Henry's brother Francis died, and Catherine became Dauphine. For 10 years she tried to conveive a child, and when Henry became Dauphin, the situation was all the more critical. Rumours that Henry was to repudiate her drove her to try potions, rub dung on her genitals, and drink mules' urine (thought to increase fertility at the time). She even drilled a hole in the ceiling of the room where her husband was sleeping with his long-term mistress, Diane de Poitiers, to see if there was anything she was doing wrong in the bedroom. Finally, doctors checked both her and Henry, and found an abnormality in his penis. He advised certain sexual positions, which miraculously worked, as Catherine produced ten children!
Henri II of France
Although Henry was completely besotted with his mistress, Catherine idolised he husband the the marragethey shared. Apart from a few nominal regencies in his absence, Catherine had very little experience of direct power, as Diane de Poitiers was more in favour at court. When Henry died, during a jousting match where a lance hit him straight in the face, and splintered through his eye, into his brain, and out of his ear, Catherine was thrust into the malestrom of French politics, and the first of her regencies. Francis II, her weak and sickly son, was married to Mary, Queen of Scots. Mary's mother was Mary of Guise, regent of Scotland, and a formidable character in her own right, who was sister of the Guise brothers who now had a strangle-hold on French politics, as they had been named co-regents with Catherine during Francis' minority. It was only when Francis died, and her second son Charles IX became king, that her role as 'Queen Mother' became unassailable. There is some evidence to suggest that Catherine was not altogether sad to see her son's demise, especially as she was able to convince Charles to name her sole regent.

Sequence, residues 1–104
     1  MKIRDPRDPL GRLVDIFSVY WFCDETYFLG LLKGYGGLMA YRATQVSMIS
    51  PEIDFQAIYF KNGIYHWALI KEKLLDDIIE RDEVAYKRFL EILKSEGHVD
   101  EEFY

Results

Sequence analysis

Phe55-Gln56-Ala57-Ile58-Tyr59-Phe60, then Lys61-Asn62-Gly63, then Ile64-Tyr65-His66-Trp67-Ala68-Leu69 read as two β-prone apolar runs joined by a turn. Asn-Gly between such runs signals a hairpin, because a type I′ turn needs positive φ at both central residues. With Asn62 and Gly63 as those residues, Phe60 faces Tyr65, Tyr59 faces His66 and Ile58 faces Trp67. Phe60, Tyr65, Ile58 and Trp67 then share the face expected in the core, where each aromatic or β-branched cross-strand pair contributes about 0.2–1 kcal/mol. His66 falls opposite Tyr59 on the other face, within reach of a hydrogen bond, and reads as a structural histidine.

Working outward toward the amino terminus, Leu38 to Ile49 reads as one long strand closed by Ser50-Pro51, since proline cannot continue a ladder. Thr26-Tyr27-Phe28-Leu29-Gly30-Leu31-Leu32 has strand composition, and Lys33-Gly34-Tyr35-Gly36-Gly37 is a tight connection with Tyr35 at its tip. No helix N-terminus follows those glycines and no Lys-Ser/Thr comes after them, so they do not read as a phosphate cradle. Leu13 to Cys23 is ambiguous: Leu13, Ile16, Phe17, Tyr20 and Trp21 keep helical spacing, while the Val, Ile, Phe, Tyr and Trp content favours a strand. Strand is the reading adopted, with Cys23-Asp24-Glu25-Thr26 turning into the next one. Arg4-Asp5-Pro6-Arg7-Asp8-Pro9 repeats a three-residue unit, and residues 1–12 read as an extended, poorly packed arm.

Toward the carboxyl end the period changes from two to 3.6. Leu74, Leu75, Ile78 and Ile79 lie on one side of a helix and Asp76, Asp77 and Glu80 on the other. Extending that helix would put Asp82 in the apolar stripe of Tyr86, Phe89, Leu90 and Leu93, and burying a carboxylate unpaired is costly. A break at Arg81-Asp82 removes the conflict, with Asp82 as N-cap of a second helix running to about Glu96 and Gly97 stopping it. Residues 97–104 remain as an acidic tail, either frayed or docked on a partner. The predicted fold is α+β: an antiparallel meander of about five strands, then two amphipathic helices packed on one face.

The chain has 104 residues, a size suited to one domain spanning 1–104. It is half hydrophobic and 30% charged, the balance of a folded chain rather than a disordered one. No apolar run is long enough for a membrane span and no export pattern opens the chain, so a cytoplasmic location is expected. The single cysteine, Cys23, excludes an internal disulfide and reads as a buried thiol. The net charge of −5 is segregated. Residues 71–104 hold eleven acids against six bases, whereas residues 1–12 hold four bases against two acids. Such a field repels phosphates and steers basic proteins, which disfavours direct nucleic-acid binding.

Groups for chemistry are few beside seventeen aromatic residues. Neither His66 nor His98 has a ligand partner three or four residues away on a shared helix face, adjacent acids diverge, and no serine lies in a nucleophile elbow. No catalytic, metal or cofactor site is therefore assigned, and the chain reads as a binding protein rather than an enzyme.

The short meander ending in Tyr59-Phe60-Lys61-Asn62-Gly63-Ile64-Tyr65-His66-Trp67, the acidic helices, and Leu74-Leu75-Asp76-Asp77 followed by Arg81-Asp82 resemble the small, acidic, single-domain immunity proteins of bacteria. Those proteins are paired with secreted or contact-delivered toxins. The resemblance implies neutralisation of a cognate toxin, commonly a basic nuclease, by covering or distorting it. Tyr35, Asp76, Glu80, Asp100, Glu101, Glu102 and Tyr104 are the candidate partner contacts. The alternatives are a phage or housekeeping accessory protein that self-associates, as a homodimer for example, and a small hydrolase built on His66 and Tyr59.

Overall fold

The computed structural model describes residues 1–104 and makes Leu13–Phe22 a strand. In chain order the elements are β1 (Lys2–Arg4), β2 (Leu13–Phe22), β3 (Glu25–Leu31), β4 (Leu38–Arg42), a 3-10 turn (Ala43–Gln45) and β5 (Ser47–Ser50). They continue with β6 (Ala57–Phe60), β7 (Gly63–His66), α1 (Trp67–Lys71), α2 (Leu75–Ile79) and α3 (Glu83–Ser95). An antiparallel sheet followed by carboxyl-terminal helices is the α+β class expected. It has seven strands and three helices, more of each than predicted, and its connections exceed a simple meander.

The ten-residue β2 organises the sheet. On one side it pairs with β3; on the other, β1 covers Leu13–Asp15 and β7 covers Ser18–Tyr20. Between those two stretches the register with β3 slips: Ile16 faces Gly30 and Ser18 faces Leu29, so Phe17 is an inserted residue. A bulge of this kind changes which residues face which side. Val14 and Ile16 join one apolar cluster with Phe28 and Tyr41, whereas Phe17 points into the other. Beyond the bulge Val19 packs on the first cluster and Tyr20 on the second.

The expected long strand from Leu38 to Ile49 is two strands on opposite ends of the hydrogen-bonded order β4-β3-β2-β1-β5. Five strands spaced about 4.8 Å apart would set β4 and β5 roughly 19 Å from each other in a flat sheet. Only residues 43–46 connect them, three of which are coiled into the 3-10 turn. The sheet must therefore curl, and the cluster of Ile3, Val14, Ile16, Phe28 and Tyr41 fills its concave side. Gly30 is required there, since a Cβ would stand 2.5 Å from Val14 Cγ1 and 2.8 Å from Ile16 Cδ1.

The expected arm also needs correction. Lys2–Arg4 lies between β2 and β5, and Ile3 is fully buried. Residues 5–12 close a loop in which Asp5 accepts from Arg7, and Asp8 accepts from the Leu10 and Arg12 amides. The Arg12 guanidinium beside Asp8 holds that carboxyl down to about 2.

During her reign, Catherine had to cope with the many 'wars of religion' between the ultra-Catholic reactionaries, headed by the Guise faction, and the Protestants, headed by Coligny, Conde and Queen Jeanne d'Albret of Navarre. Jeanne was fanatically Protestant, and a disciple of Calvin. Her husband, Antoine de Bourbon, was Prince of the Blood, meaning next in line to the throne after the Valois family. Once Antoine had died, it was her son Henry, who, in the event of all of Catherine's male children dying childless, would be heir to the French crown. In an inspired move, Catherine forced a marriage alliance on Jeanne, so that her son, the Protestant future Henry IV, would marry Catherine's daughter, Margaret. Just prior to the marriage, Queen Jeanne had died in what some called suspicious circumstances, apparently killed by a pair of poisoned gloves sent from Catherine. It was at the time of the marriage, however, that the most infamous event of her reign occured.
St Bartholomew's Day Massacre
When her son, the future Henry IV, and his entourage of Protestant followers, arrived in Paris, tensions were heated as Paris was fanatically Catholic. An attempt was made on the life of Coligny, who survived, though with an amputated finger. Fearing a massive backlash, Catherine convinced her son Charles IX that a pre-emptive strike against the Hugenot leaders was necessary. His cry of "Then kill them all! Kill them all!" was more real than he would have liked: the ultra-Catholic faction and the people of Paris started to kill all the Protestants they could. The massacre spread out into the surrounding areas. Thousands died. It is not known the extent of Catherine's involvement in the massacre, but it was what lead to the "Black Legend" surrounding her from that time on.
One of the accusations thrown at Catherine was the use of astrology and black magic, and her belief in omens, signs, portents and premonitions. Nostradamus was known to have prophesied for her on more than one occasion. R. J. Knecht, in his book Profiles in Power: Catherine de' Medici, states that she:
"owned a book with pages of bronze on which rotating disks represented the constellations. By manipulating them, she could easily work out the conjunctions essential to the reading of horoscopes."
She was especially diligent at this in the case of her children. She also used astrologers at court, one being Regnier, but the more famous being Cosimo Ruggieri. Ruggieri was not just an astrologer, but also a Black Magician too. In her book, Catherine de Medici, Leonie Frieda talks about some of the practices used by Catherine and Ruggieri to get rid of her enemies in the Protestant camp, in particular the use of dolls and models to torture and kill at a distance. After one battle in particular, three of the top Hugenot's were found in exactly the same position as the dolls used by Ruggieri.